Bag after bag, and pail after pail of trash, was pitched or dumped into several trucks to be hauled down to the large dumpster on the highway at the beginning of the trail. It did not take long to fill this large dumpster up. It seemed to many, that there was actually less trash this year than the previous two years. The larger variety items were less, while the smaller stuff still seemed endless. Maybe our efforts are paying off, we hope so. The Arapaho National Forest Ranger Bryan and his boss were also in attendance.
Here is a comment from 2001's cleanup on rules for picking up trash: 'Picking up the trash was a "no-brainer". Just bend down in one place, scoop a big blob of trash into your bag, the do it in a 360-degree radius, then move 2 feet. Everything conceivable you could think of that a shooter would want to shoot is there for the pickin's. I never knew you could shoot so many things. I always thought that shooting bad apples or watermelons was a cool thing, but seems now everything has to be manmade. Bag after bag of muck was shoveled in, then transferred to waiting stations to be trucked down to the "big dumpster" on the highway. Spent shells scattered everywhere where even picked up. The rule was "If it's not natural, it's trash".'
The around 175 volunteers worked until about 10:30am-ish in our area, and the canyon began to look more natural again. Some of the volunteers began cooking hot dogs early, and lunch was served to everyone that helped. I am not sure what the count is for the total number of volunteers that attended or which specific groups were there. At 11:00, the TrailRidge Runners cooked up some hot dogs and served lunch to everyone. The Hobos made plans for a run up Castle Gulch afterwards.
2003 Lefthand Cleanup--175 people + 3 hours time = a 90% trash-free canyon!
Please pack out your trash, anywhere, anytime!
It's a shame the canyon will not stay this way. In less then a week, the trash will pile back up, shooters will be back to haul anything from action figures to home computers up in their vehicle, set it out, shoot it, and leave it. They leave it, til the next time responsible caretakers of public land get tired of driving by and looking at it. If you see trash on the trail, stop to pick it up.
Question: What do you do when you are so close to a jeep trail with good friends and your jeep? Go Jeepin of course!! At approximately 11:3am, the HOBOs made our way down to the highway, jumped in our jeeps, and headed towards an area just up the highway to air down and do the 'disco'. Plans were to head up Castle Gulch (FR 287), then over to Fairview Peak, and back down to Left Hand thru the 'Squeeze'.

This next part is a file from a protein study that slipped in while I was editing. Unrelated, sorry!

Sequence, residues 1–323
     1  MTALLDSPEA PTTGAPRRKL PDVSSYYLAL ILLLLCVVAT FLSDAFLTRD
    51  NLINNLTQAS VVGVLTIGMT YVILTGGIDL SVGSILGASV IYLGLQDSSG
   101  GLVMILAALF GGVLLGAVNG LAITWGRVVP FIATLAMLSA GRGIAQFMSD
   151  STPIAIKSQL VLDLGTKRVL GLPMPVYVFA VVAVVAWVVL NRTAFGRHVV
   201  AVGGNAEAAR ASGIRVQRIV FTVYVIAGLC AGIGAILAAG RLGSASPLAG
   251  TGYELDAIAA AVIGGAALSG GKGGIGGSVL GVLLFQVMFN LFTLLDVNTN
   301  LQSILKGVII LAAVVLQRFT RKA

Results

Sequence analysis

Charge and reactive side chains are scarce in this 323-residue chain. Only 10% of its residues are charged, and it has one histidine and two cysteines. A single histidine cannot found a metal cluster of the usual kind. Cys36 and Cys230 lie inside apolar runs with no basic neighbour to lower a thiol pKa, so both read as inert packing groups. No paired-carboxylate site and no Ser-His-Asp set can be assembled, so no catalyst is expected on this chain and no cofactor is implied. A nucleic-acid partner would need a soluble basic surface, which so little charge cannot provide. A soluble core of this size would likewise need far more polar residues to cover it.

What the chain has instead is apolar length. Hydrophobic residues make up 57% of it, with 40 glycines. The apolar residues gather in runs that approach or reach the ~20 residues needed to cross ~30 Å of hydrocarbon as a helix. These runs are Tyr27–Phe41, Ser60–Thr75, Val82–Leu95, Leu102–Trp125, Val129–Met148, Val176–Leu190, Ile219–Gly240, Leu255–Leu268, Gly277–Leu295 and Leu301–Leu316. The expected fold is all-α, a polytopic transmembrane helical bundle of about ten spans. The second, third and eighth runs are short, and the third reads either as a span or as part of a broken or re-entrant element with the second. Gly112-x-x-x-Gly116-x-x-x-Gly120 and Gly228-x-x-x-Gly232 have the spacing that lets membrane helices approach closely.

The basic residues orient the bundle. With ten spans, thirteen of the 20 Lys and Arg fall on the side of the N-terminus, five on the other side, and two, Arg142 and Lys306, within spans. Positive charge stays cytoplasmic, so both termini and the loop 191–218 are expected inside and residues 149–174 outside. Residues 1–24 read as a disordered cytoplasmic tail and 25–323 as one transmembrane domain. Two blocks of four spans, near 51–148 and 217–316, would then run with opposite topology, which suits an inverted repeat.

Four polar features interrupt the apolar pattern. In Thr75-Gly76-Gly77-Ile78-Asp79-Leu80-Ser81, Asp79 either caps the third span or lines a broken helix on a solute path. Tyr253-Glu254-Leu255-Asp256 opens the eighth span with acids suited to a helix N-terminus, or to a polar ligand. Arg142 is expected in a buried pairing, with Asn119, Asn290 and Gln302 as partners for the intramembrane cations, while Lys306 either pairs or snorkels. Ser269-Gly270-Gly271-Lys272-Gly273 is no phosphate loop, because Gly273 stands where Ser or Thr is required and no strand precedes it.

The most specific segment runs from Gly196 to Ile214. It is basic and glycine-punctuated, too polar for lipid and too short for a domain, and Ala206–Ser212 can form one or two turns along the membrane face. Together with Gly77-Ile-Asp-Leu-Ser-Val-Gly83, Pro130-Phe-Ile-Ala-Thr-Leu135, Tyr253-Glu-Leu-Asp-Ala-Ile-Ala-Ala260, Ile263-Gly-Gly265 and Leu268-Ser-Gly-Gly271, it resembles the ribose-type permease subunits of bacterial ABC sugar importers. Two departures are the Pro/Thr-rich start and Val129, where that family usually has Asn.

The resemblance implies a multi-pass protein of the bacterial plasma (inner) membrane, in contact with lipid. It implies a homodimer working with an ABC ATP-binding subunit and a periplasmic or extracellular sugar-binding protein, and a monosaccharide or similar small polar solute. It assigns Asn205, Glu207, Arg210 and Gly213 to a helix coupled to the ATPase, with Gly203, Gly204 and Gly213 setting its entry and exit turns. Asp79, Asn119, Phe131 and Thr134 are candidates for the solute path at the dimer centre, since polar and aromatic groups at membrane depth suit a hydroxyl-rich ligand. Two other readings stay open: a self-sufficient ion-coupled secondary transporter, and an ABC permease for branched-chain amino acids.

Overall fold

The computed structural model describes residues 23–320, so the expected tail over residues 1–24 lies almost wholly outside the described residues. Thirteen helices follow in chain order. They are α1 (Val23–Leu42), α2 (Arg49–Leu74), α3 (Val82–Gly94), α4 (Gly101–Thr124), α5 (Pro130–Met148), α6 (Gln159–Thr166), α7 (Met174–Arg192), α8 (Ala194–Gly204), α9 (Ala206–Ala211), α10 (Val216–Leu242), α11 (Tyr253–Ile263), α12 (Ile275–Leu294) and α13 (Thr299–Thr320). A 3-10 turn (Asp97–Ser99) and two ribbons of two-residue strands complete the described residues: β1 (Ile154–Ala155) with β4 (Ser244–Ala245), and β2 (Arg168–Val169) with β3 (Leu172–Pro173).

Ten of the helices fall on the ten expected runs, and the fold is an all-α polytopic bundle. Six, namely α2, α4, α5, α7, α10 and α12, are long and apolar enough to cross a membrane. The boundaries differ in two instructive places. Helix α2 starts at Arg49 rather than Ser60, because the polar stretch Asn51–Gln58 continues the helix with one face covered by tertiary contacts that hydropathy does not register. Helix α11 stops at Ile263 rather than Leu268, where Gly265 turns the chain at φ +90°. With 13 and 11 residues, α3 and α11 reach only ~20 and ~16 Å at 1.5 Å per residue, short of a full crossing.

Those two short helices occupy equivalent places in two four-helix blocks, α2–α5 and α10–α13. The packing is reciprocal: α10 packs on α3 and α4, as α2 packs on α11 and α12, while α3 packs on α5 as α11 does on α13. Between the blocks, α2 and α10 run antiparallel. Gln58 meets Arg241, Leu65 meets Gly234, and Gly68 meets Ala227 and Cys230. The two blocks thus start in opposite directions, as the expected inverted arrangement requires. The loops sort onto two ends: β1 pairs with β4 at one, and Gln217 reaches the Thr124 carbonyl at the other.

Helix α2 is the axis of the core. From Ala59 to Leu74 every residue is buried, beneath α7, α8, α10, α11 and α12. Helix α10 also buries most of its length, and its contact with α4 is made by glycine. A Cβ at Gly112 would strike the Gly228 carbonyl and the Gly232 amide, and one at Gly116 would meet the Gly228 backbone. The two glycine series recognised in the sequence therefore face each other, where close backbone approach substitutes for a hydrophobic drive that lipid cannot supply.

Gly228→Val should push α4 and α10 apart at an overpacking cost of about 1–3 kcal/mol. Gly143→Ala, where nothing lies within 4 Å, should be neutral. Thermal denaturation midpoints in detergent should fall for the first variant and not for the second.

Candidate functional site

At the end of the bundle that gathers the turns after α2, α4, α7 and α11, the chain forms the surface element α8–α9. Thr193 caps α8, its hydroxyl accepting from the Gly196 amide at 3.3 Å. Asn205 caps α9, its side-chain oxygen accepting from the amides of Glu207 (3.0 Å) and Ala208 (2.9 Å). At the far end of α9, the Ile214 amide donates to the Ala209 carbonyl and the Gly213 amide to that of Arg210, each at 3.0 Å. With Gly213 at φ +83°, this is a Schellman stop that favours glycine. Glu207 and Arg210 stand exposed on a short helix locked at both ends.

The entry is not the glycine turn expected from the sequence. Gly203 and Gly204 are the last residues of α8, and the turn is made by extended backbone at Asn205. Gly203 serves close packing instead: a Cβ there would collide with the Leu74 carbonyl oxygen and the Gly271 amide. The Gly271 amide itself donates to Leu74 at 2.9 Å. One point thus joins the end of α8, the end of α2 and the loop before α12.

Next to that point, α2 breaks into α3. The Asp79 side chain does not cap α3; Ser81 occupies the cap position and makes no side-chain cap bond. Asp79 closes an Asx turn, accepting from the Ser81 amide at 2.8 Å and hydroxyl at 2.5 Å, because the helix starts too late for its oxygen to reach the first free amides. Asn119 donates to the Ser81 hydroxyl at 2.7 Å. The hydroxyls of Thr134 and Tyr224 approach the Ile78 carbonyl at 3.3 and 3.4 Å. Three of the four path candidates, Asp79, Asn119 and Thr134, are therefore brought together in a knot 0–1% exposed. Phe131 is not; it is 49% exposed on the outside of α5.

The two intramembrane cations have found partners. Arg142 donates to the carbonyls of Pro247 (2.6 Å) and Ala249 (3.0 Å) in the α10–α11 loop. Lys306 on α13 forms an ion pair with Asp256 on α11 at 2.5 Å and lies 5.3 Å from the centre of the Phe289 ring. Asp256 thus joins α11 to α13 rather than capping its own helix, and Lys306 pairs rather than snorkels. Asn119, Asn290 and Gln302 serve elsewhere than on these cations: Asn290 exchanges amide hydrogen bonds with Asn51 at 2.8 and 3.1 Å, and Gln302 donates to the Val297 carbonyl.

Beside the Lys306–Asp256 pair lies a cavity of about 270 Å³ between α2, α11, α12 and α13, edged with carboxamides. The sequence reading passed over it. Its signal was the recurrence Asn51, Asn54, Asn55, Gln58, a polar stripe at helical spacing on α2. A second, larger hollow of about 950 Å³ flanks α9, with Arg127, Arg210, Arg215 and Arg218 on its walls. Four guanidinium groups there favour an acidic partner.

We had our three jeeps of the 'ToolMan' (Trip Leader), 'JeepDog', & myself 'Hobo Willy', along with Jenn Lacerdo (TJ-'Yellow Peril') & passenger Tom Hester (Patrol 14), Eric Schmoutz (Ranger-Patrol 12), Robert Schegel & passenger Joe Vicino (YJ-Patrol 12), Eric Lister & passenger Amy Carroll (TJ-Patrol 14), Shane Wagner & passenger Seth Wagner (XJ-Patrol 14), Mark Fisher & passenger Tim Long (TJ-Prospective Hobo), & Bill Synder (76 Bronco).
As we started up the trail some locked in 4wheel drive, a little rock chute offers some fun, but less challenging then other obstacles that lie ahead. Up the Gulch, there is a switchback for FR 287.1, we stayed straight and the moderate to large rocks awaited our arrival on the middle chute.
Our group varied with modified to stock rigs, and all handled this trail with ease. Some had a little more 'skidplate rubbage' then others. The last chute had some more rocks, then we finally reached the ridgeline. Robert and Eric got some nice wheel travel on their way up!
Most of the trip up Castle Gulch seemed pretty easy, and it appeared that part of it might have been graded since I was on this trip a year or so ago again. Some of the rock chutes remain and with little or no problems, we all made it up to Fairview Peak without problems or breakage. There we took in the views, a group photo, and a short break.
We proceeded down and headed towards Left Hand Canyon via the "Squeeze" obstacle. The "Squeeze" was our first major obstacle of the day, and the most entertainment. Most were spotted through without incident, and managed the lines well.
Now enters the 'traffic jam' at the 'squeeze'. We were coming down when a Pizga came off a side trail from the SE. The intersection of the trails is a 6' drop-off with a tight turn to the right. We couldn't leave until he and his friends went by. After some maneuvering, the Pizga dropped down to the road but at 90 degrees. He tried to go hard left and popped his bead on the tire. He moved up and started to put air in the tire. Some 40 minutes later, we were all past and heading down.
We had to take the upper Carnage route down to the 5 points intersection because some rock buggies were blocking the trail changing an axle. We met up at 5 points and headed down to the highway. The Hobos once aired up, headed back to Denver together. A great morning to give a little back, and a fun afternoon to play!
See ya on the trail,
Bill Hallinan HoboJeepers